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Showing posts from February, 2015

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Conversation between a guy and a gal about 'A Tomboy's Guide'

A conversation with a guy and a gal about 'A Tomboy's Guide' at Fahrenheit Restaurant in Charlotte. Over dinner, a conversation between a guy and a gal about "A Tomboy's Guide To Knowing, Loving And Understandig Men," broke out. ( ) Gal : This is the first time that I've read a book by a woman that bashes women. Guy : It doesn't bash women. I think it just gives the other perspective. It was pretty fair on both sides. Gal : I can see that, but the critiques on women were pretty harsh.  Guy : It probably seems that way because every other writer always tries to make women seem like victims instead of equally responsible for what happens in relationships.  CM Writer chiming in : I feel like a lot of people playing the "relationship guru" role are very patronizing and talk down to their audience, mainly women, as though being a man makes them the holder of every answer when it comes to relation

Guy Secrets: He can cheat and love you

Guy Secrets: He can cheat and love you at the same time. It may seem wrong or like a lie, but it is actually true. The secret lies in how he defines love, and how you define respect.  I know you've heard it all before and you're probably rolling your eyes at someone else saying it for the millionth time...just bear with me. This doesn't give a guy an excuse to cheat. It just explains how some do it with a clear conscience. In my line of work (family law, relationship writing), I have come across a number of (male) cheaters who easily rationalize their cheating.  This goes back to dudes being able to compartmentalize...separating emotional love from certain self-absorbed actions. it seemed like guys who are older cheated because they grew up within the scope of men having more than one woman and that being okay and even expected. There was the woman whom a man married and created a family with...the one who "tamed the beast," so to speak. The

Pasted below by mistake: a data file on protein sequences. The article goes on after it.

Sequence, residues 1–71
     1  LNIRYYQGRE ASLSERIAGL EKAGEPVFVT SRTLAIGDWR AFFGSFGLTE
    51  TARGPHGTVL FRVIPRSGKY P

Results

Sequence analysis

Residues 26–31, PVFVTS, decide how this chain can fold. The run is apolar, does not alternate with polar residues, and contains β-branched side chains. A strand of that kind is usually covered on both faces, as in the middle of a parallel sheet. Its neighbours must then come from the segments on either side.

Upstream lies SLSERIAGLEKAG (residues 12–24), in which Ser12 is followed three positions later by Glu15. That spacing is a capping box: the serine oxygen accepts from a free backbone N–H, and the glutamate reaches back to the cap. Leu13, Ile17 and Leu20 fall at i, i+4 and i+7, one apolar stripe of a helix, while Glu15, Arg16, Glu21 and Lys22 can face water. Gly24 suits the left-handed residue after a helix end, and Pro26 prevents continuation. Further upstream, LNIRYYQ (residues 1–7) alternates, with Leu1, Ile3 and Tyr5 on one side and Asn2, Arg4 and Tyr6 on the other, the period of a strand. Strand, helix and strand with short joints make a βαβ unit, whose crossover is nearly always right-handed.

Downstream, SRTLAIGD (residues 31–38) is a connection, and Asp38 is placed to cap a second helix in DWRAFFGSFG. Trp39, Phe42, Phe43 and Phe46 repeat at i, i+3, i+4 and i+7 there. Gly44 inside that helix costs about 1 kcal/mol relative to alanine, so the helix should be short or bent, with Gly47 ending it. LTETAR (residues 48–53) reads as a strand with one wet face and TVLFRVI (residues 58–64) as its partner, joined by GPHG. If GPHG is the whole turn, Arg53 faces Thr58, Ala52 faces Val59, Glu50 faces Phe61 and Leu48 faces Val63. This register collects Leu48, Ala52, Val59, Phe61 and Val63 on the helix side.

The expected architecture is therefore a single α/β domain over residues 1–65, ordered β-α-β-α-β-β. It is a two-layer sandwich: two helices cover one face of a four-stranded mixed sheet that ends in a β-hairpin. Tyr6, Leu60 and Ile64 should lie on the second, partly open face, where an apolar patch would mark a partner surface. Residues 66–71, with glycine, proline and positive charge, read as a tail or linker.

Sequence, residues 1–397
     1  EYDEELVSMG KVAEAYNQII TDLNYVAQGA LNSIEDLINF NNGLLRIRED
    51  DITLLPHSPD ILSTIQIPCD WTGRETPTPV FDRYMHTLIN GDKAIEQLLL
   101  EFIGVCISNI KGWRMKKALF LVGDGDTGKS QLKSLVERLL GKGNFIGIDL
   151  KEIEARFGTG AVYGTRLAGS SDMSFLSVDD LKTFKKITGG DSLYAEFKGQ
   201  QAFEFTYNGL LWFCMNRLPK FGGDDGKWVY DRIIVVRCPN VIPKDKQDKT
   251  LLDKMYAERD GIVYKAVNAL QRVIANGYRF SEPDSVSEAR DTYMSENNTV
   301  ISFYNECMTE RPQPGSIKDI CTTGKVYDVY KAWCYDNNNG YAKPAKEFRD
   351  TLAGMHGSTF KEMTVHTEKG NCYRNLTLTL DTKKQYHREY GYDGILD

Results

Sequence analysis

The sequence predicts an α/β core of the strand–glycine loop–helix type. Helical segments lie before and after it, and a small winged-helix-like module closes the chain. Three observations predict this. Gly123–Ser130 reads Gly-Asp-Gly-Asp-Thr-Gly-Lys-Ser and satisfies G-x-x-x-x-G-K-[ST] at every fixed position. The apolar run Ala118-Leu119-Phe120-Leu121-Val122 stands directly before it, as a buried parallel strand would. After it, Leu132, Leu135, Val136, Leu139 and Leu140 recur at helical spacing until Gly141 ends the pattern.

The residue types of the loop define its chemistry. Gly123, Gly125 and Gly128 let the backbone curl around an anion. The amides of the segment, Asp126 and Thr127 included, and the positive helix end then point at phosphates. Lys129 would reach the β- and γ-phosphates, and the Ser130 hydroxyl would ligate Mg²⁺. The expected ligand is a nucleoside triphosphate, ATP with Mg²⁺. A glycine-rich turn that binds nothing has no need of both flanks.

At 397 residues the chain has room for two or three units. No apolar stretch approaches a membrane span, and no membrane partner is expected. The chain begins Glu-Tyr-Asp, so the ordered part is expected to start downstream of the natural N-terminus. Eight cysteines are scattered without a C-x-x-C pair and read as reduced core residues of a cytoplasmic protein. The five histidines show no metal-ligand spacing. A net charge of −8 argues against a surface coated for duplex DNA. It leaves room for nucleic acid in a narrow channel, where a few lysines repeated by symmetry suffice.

Dean Smith: More than a coach

Dean Smith was more than a coach, and his legacy proves that in ways immeasurable. Coach Smith passed away on Saturday night, with the world and our Tar Heel family learning of his transition on Sunday. Growing up in North Carolina, I was an avid fan of the game of basketball, and at the same time, I knew I wanted to become a Civil Rights attorney.  The Tar Heels became my número uno team as a kid in the 80s. And I fell hard for Dean Smith. No no no...not in a kiddie crush way, but in a way of admiration. I would watch his games and marvel at how much he reminded me of my elementary basketball coach, Coach Ed.  Coach Ed would never yell at us, he could just give us this look of disappointment or frustration and we would straighten up. He was quite like a loving parent in how he coached us.  I saw that in Coach Smith's approach, from as much as I could witness watching on TV. I always wanted to know more about him, so I would read old newspaper clippings a